Intrusion Prevention Software

Wireless Intrusion Prevention Software

Wireless Intrusion Prevention Software works exactly like Wireless Intrusion Detection Software, but it adds a very important feature.

Instead of just notifying the user or an IT Administrator about an intruder on the network, it goes one step further and
actually blocks the Intruder from accessing any of the networks resources.

There are several ways to accomplish this.

In our opinion, the best way to accomplish preventing a specific device from using a network that is already connected, is through the wireless router or access point itself.  There are several routing and networking commands that can be used to effectively block traffic from a device at the access point where that device connected.  The technology available to vendors at the router or access point level creates a consistent, stable blocking effect to prevent unauthorized access.  Even basic wireless routers have a Mac Filter option that is a good example of the type of blocking effect that can be added at the wireless router level.   Several Smart Firewall and Smart Wireless Routers now have integrated apps that allow push button prevention when an unknown device is detected on the network.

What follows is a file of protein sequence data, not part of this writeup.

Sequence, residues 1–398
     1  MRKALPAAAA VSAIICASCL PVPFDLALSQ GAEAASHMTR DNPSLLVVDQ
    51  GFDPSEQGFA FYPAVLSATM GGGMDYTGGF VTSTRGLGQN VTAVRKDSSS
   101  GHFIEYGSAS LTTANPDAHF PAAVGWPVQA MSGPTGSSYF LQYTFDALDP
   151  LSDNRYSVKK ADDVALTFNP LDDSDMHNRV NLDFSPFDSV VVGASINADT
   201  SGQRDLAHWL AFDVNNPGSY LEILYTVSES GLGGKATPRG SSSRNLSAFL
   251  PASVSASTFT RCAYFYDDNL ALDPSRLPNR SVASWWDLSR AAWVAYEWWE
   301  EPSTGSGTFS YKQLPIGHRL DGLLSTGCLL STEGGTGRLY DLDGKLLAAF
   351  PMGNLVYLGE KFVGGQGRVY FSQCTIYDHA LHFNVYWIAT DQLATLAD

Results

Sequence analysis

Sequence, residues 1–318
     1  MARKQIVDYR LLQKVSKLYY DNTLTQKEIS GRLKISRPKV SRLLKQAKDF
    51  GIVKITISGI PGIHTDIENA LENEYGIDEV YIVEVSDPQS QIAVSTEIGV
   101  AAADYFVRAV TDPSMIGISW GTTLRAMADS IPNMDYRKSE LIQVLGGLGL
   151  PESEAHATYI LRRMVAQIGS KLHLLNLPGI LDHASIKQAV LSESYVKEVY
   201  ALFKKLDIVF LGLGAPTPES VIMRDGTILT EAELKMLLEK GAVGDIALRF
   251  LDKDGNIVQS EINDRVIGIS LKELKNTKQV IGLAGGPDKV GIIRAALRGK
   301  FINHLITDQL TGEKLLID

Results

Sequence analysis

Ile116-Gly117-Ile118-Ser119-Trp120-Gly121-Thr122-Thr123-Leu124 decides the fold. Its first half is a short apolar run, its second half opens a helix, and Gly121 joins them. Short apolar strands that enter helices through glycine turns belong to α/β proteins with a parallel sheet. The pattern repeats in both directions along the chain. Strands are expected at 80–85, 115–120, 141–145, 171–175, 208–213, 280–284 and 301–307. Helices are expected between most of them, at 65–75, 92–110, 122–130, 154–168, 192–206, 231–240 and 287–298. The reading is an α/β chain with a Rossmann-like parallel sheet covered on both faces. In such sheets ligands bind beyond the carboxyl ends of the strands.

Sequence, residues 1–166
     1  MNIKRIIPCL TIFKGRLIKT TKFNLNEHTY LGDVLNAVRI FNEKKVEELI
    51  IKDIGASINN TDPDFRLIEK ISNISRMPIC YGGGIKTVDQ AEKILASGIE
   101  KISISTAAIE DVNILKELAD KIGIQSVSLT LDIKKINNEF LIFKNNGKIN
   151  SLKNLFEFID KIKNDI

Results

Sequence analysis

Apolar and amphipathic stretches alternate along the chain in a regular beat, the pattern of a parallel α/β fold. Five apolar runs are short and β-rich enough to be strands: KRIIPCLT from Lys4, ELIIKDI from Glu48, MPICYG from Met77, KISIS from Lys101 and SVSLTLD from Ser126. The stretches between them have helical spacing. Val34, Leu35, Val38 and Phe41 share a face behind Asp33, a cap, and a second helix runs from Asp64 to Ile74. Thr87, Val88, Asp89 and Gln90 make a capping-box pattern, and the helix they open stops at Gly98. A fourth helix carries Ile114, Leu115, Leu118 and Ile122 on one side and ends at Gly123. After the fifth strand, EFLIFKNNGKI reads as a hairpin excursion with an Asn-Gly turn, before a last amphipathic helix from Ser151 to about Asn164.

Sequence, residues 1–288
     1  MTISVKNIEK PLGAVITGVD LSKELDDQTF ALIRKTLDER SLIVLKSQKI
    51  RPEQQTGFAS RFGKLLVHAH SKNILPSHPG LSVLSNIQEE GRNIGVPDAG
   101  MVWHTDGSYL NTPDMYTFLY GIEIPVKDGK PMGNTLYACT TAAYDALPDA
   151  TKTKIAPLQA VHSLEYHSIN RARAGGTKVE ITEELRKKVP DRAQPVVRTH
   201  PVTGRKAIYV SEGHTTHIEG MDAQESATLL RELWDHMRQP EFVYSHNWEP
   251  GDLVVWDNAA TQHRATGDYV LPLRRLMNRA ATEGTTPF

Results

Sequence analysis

There are other methods, such as packet injection that do have an effect in preventing intruder usage on the network, but are less stable and consistent than what we’ve seen can be achieved on the wireless router or access point directly.

Of course, the options described above usually work well for wireless networks, but what if someone simply connected a Wired connection onto the LAN?  Because of how Layer 2 routing works, it’s more difficult to then prevent them from continuing to have network access, when they’ve already connected.  There are some intelligent switches that now also prevent packets from certain devices at the switch level.  But this is still an issue.  Proper network segmenting, limiting physical network access to the most important network resources is still recommended.

Some common pitfalls related to Intrusion Prevention in general are that False positives can result in Denial of Service for the users. That’s just a technical way of saying, if someone is running an Intrusion Prevention system, and they forget about it, and they need to quickly add a replacement server to their network, they could have a horrible time trying to debug why the new Domain Server isn’t working correctly because it’s been prevented by their Intrusion Prevention Software or Service.

However, even with the potential issues involved, Wireless Intrusion Prevention Software and Systems are becoming a more common option in the Enterprise.

Return to Monitoring a Wireless Network.